Sports Tourism Mainstay for Richmond Business


Sports Tourism Mainstay for Richmond Business, Local Leaders Say

By Anna Akins, Richmond Times-Dispatch, July 15, 2016

Larry Sheedy and his 15-year-old daughter, Clare, made the near 500-mile trek from Pittsfield, Mass., for a lacrosse tournament in Chesterfield County this week.

When lacrosse isn’t demanding their time, they said they plan on exploring the Richmond area by trying out the local food scene, touring some museums and visiting other local attractions.

The Sheedys are a part of a group of more than 15,000 people who are in the Richmond region for the Intercollegiate Women’s Lacrosse Coaches Association STX Capital Cup tournament at River City Sportsplex in Chesterfield County.

The tournament is part of a booming sports tourism industry that brings in tens of millions of dollars per year for the Richmond-area economy, according to a panel of local business leaders who gathered Friday at The Boathouse at Sunday Park restaurant in Chesterfield.

The panel, hosted by Richmond Region Tourism, featured Neil Amin, CEO of Shamin Hotels, which has 33 hotels in the Richmond region; Amy DuFour, director of marketing for Capital Ale House, a restaurant and brewery with three Richmond locations; and Bill Karn, president of US Lacrosse’s Richmond Chapter. There are 67 other chapters across the nation.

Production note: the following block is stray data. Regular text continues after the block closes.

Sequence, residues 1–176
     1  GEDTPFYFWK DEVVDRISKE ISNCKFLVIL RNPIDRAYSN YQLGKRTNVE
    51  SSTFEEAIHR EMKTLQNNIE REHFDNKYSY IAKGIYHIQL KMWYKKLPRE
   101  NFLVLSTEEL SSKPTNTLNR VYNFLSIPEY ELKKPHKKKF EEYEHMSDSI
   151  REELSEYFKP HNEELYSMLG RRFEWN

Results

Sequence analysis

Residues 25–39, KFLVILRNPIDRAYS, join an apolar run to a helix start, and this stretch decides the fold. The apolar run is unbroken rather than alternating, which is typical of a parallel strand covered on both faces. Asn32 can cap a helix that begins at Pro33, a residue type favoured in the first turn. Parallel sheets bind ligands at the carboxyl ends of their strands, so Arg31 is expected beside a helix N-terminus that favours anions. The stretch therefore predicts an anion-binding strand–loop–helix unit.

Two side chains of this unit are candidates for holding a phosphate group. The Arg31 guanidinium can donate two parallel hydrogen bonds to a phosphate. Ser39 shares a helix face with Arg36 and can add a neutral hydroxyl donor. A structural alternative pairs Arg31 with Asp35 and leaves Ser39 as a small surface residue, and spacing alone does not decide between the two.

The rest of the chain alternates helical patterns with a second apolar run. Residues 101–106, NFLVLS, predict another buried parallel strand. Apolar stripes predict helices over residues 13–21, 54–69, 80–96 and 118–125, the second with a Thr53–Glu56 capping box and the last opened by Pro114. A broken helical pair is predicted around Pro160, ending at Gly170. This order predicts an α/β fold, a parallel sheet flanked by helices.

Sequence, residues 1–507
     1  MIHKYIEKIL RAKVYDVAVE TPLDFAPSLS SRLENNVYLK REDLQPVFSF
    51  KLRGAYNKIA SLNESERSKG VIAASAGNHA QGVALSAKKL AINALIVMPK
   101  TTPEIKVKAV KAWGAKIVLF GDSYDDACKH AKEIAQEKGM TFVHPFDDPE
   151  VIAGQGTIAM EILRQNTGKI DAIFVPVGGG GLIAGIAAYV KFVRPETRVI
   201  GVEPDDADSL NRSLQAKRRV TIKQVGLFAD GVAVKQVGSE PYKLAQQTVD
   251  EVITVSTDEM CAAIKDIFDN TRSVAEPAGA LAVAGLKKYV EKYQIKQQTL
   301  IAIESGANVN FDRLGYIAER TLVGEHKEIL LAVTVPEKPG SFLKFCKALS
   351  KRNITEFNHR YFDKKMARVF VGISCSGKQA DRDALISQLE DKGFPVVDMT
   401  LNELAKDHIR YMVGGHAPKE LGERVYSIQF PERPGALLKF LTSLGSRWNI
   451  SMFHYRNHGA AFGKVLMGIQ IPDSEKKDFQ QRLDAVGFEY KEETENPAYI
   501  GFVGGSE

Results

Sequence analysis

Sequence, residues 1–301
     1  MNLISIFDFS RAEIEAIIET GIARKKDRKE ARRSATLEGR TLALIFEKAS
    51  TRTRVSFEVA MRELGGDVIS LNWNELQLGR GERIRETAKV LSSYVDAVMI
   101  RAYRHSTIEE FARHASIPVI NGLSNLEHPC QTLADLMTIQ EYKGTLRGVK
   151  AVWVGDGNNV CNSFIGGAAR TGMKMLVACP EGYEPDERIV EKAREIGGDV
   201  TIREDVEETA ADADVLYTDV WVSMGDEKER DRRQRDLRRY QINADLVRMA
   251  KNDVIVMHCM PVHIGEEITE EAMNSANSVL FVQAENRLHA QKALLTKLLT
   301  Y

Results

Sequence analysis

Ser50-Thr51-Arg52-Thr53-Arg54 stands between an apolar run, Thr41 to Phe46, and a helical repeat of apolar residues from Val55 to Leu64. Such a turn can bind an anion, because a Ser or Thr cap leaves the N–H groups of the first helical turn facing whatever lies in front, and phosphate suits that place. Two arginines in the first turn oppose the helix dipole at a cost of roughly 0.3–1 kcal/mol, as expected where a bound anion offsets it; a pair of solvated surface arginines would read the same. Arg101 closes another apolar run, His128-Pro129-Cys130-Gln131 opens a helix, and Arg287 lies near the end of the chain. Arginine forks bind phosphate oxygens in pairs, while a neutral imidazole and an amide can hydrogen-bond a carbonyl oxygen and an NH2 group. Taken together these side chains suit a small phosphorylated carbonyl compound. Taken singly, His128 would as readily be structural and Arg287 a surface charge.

Amin, DuFour and Karn agreed during a panel discussion that each segment of Richmond’s economy thrives on sports tourism.

Amin said that sporting events such as the Capital Cup are lifesavers for the local hotel industry during the summer.

“Historically in our region, July has not been a very strong month,” he said. “Because of Capital Cup, it has become one of the strongest months of the year. There’s definitely a tremendous impact.”

DuFour added that much of Capital Ale House’s marketing efforts go toward youth sporting events.

“Youth sports travel teams are such a huge market segment that we cater specifically to them,” she said. “We have come up with a sports banquet menu for teams and sell a bunch of Virginia craft beer to coaches and parents.”

Karn emphasized his firsthand experience with youth sports and its impact on the local economy.

“Being a sports parent and coach, I see a number of people who attend these events,” he said. “They draw people to the area.”

Looking ahead, the panelists emphasized the importance of continuing to promote sports tourism within the region.

“It’s not just a one-year deal,” Amin said. “You want (sports teams) to come back and to bring others with them. It’s just about educating them about all that we have in the region.”

Those in attendance to hear the panel discussion included a mix of business leaders from Richmond as well as Hanover, Chesterfield and Henrico counties. After the panel discussion, attendees toured the Sportsplex and heard from Intercollegiate Women’s Lacrosse Coaches Association Executive Director Gothard Lane, who further stressed the importance of promoting Richmond’s sports tourism industry.

“You’re looking at 15 to 18,000 people who have ventured into the Richmond region for this tournament,” he said. “Everyone — hotels, restaurants and shops — benefits from this.”

Capital Cup tournament action began Thursday and will conclude Sunday.

Other events contributing to sports tourism in the Richmond area include NASCAR races, the Washington Redskins’ training camp, soccer and baseball tournaments and the Richmond Flying Squirrels minor league baseball team